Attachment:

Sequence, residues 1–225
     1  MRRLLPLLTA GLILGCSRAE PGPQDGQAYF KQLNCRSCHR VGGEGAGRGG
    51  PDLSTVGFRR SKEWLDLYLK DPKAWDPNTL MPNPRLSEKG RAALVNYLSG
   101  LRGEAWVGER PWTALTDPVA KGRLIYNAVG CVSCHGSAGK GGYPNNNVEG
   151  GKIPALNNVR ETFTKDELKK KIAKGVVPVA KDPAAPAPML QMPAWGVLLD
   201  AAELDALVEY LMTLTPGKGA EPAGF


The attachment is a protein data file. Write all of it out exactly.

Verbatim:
Sequence, residues 1–225
     1  MRRLLPLLTA GLILGCSRAE PGPQDGQAYF KQLNCRSCHR VGGEGAGRGG
    51  PDLSTVGFRR SKEWLDLYLK DPKAWDPNTL MPNPRLSEKG RAALVNYLSG
   101  LRGEAWVGER PWTALTDPVA KGRLIYNAVG CVSCHGSAGK GGYPNNNVEG
   151  GKIPALNNVR ETFTKDELKK KIAKGVVPVA KDPAAPAPML QMPAWGVLLD
   201  AAELDALVEY LMTLTPGKGA EPAGF